SHREVEPORT, La. (KTAL/KMSS) – Management at a Shreveport apartment complex where tenants are complaining about unrepaired plumbing and piled-up trash is responding to those complaints, explaining some of the issues are being caused by the tenants themselves.

“We’re tired as residents and tenants,” said one of the tenants of Woodlawn Terrace Apartments, who wanted to remain anonymous. “We’re tired. We still have pipe issues they just recently fixed since the winter storm,” he said.

He said he pays his rent on time every month and doesn’t understand why management allows this to happen.

Property manager Shelly Hunt said part of the reason the property looks devalued is due to the behavior and habits of some of the tenants.

“I pay someone full-time, his job is 8 to 5 Monday through Friday, to do nothing but pick up trash,” Hunt said. “And by 11 o’clock you can’t tell that anything was done.”

Hunt said one of the problems is most of the tenants don’t care enough to keep the property clean and her staff can only do so much.

“A lot of what you’ve seen on the outside of the building that’s from the back, notice it is not in the front. And a lot of times what they do is they pour hot grease or food out of their back doors,” Hunt explained. “A lot of people are home, people aren’t working. People are cooking, I mean enormous amounts of grease, those clog the lines. I don’t care if you live in a $200,000 home or a $500 apartment, and you do that, your sewer is going to back up.”

She said since the pandemic a lot of her tenants have lost their jobs and have fallen behind on rent, putting the property in debt which dosen’t allow her to hire more help.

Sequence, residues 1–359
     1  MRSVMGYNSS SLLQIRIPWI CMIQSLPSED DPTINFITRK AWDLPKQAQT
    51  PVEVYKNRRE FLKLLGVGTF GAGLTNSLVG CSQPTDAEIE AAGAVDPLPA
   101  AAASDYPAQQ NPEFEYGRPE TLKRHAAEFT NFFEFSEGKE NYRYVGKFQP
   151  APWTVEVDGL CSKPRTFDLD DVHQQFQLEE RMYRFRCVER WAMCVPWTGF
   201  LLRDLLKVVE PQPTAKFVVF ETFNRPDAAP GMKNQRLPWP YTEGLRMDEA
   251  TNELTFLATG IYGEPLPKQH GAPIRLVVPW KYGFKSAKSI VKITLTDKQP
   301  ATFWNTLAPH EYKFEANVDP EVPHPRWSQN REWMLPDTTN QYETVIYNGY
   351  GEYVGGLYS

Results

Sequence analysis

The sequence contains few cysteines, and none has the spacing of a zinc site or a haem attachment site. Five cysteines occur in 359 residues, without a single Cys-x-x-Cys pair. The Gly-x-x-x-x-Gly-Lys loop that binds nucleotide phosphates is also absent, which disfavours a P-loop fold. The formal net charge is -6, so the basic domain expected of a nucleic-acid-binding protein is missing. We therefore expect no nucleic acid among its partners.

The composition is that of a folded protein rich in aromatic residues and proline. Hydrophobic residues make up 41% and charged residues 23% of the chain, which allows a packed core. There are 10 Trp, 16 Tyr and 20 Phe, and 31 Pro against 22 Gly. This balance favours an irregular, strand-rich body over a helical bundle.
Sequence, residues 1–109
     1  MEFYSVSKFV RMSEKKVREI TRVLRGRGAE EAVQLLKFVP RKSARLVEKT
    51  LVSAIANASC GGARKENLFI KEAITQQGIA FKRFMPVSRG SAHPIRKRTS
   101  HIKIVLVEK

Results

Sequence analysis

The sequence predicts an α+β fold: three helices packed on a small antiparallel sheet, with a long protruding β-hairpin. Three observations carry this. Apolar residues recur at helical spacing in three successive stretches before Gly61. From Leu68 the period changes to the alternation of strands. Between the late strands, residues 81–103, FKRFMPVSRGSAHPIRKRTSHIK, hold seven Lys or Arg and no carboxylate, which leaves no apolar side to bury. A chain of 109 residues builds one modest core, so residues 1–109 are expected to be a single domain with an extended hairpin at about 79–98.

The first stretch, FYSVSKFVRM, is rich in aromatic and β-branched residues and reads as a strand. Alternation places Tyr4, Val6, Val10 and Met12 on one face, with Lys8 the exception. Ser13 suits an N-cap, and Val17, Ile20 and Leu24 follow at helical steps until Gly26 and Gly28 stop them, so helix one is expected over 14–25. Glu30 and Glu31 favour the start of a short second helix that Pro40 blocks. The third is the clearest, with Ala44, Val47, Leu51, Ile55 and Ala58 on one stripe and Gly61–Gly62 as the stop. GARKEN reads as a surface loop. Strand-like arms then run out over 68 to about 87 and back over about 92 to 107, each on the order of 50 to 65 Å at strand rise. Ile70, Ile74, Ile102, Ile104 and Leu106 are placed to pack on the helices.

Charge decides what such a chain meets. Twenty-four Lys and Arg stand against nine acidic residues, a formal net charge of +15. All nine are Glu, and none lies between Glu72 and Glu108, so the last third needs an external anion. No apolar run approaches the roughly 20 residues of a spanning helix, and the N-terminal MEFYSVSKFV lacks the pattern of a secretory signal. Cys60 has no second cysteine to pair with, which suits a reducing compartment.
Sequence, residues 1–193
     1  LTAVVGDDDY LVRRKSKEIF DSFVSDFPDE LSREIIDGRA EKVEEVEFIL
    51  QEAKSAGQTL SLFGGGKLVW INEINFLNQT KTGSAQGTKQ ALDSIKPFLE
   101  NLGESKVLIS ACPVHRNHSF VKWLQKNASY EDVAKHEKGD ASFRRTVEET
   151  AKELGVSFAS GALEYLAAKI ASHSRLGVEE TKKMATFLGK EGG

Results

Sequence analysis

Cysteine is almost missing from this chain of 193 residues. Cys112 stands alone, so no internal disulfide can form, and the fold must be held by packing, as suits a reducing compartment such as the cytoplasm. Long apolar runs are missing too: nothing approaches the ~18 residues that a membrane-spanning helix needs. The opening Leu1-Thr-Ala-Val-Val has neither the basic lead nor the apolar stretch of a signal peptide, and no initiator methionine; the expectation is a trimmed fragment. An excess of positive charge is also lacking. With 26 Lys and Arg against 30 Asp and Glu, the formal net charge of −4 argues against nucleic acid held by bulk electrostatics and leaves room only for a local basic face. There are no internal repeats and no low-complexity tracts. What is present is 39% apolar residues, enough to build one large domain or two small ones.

“What is so sad is that most of these people are on low-income. They can’t just jump up and move to another complex,” the tenant said.

Hunt said they’ve seen more trash than usual since people have started to receive federal and income-tax returns.

“We’ve had so much furniture. The neighborhood dumps furniture off on us. People getting new furniture, the past couple of weeks between income tax returns and stimulus checks, so many people have gotten so much new furniture they don’t worry about hauling off their old furniture,” Hunt said.

Hunt said she’s had to make accommodations in order to pick up the furniture pieces left from tenants. She said in order for things to get better, they must work together for the common goal of the property.

“Let’s work as a team and let’s fix this, you know? You live here, I can’t be the only one to care,” Hunt said.

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